Nor can the "veil of ignorance" help us. Even if we accept that, behind the veil, a self-interested actor is compelled to choose that set of rules (that constitution) which promotes some maximal average good, there remains no reason for him to prefer this mode of decision-making to the action level. To make this choice implies a normative decision.

Nor, again, does the appeal to Pareto criterion help. The idea is that social state A is preferable to social state B iff everyone is at least as well off in A as B. But the accepting this criterion implies a normative choice that cannot be made in the world of homo economicus.

So B&H propose a moral motivation, described as a modest commitment to some definition of the public interest. This provides individuals motivation both to promote the constitutional level of decision-making and to pay attention to the rules adopted in this mode.

Any normative analysis must be committed to the ideas that agents can comprehend the logic of justification, and that the audience is inclined to respond appropriately to the force of normative reasoning.

So the public choice criticism above holds, only rather than assuming extreme selfishness as a solution, B&H assume a more moderate, heterogeneous approach, which privileges other-regarding preferences in the political arena, and self-regarding preferences in the market, but does so differentially, under the assumption that peoples' underlying motivations are themselves heterogeneous. Moreover, individuals with particularly strong moral motivations will tend to gravitate toward politics, while selfish people will enter the logic of the market.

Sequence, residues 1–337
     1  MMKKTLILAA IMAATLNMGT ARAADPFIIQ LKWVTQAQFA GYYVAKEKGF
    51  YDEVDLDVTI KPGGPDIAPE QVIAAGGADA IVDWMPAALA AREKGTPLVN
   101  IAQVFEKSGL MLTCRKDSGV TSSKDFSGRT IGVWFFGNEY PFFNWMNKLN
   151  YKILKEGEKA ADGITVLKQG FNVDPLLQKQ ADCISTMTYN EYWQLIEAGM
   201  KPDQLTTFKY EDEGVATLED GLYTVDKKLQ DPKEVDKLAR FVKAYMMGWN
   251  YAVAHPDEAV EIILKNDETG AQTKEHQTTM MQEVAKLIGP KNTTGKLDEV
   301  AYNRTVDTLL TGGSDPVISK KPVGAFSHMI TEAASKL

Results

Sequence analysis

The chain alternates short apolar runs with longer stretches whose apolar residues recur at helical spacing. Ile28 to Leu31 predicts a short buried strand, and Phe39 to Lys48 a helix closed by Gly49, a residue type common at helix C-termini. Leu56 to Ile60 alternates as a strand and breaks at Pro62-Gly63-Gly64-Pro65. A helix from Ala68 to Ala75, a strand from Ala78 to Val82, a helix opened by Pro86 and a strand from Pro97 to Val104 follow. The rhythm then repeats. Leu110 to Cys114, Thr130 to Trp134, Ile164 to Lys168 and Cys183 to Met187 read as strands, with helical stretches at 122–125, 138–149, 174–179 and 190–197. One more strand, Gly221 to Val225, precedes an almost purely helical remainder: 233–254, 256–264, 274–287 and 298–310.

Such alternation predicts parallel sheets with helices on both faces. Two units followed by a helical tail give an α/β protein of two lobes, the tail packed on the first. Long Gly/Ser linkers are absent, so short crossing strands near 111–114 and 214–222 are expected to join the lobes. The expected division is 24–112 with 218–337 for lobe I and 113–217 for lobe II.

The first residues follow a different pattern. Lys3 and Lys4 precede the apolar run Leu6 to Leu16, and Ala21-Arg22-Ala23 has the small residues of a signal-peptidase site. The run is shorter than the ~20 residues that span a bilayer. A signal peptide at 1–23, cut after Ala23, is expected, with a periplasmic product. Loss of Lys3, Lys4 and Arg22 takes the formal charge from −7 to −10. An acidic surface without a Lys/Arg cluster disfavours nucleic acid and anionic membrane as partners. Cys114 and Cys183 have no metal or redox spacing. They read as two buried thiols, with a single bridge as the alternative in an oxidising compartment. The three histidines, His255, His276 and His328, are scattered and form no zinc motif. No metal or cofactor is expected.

The link between justification and motivation is partial and indirect. Their model is that of morality as one desire among many, explaining why people do not always act morally. However, in the political realm, moral motivations are paramount.

Systematically different desires are engaged in political and market contexts.

Voting is primarily an expressive act. The gesture of choosing the morally correct alternative can outweigh the instrumental cost even of voting for a policy that is to one's economic disadvantage, since one's vote has so little effect in the outcome anyway. Voting is more like a speech-act than an idealized market in which my decisions affect me privately.


Homo economicus cannot simply be transposed from the market into the political arena, because political motivations are moral, inasmuch as we are forced to justify them in terms of the public good, while economic motivations are private and self-interested. It is nearly as egregious to presume purely selfish motivations as purely altruistic ones; rather, motivations are weighed against one another differentially, depending on the individual and the context in question.

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Brennan, Geoffrey (author)Hamlin, Alan (author)Political TheorySelf-InterestVotingTurnoutProsocial Behavior